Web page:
My guess is that location, cost, utility and language offer some answer to your question of why there's an Atlantic discrepancy. History, politics and labour pressures do, too.

I realize, however, that no such factors could possibly provide as rational an explanation as the simple fact that Ottawa hates us.

 
At 11:58 PM, July 19, 2011 , Blogger Mark said...

Here's a question:

If you were to add up all of the "federal presence" that successive provincial governments begged Ottawa to give up in exchange for "short term cash in lieu" and other bits of bauble, how do you think the graph would look?

(e.g. coastal ferries, the railroad, labour market agreements, etc.)

 
At 9:21 AM, July 20, 2011 , Blogger Peter said...

Mark:
Thanks for reining in the snark.
Your points are well taken. I'm not saying the proportionate population principle is true for every microcosm. I'm just saying that you can consolidate services more efficiently for a larger, more concentrated, more geographically accessible population in any given area.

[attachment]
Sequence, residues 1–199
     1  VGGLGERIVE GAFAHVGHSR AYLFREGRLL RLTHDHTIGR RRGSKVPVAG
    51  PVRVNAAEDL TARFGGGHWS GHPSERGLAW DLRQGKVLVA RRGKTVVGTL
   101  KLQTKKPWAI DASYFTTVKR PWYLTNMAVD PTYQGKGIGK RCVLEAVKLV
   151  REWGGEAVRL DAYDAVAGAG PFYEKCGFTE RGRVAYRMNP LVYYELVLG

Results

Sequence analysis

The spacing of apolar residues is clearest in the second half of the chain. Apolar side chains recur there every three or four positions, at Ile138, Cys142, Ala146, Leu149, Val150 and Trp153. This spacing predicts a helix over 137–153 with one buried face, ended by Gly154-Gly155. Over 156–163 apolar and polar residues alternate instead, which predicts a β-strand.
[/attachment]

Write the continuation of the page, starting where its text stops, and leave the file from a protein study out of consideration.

Wall-E has demonstrated time and again that the "federal presence" gripers have the per capita numbers wrong. That doesn't rule out other considerations.
And for the record, I'm not in the least bit convinced the closure of the MRSCs is all that big a deal.

 
At 10:41 AM, July 20, 2011 , Blogger Mark said...

has demonstrated time and again that the "federal presence" gripers have the per capita numbers wrong.

Heaven forbid that the disproof of every premise to an argument be sufficient grounds to question the argument itself.

 
At 10:43 AM, July 20, 2011 , Blogger Mark said...

My bad. That was snark.

I think WJM's point was that of all the people in NL who might possibly complain about the presence of public servants, those whose soap boxes are located in St. John's are by any measure the least credible.

 
At 2:12 PM, July 23, 2011 , Blogger Edward Hollett said...

It may have been snarky, Mark, but the snark is warranted.

Anything you've said on your most ill-tempered day is considerably more civil than what is said about people who don't share the love of fairy tales, fantasies and fabrications.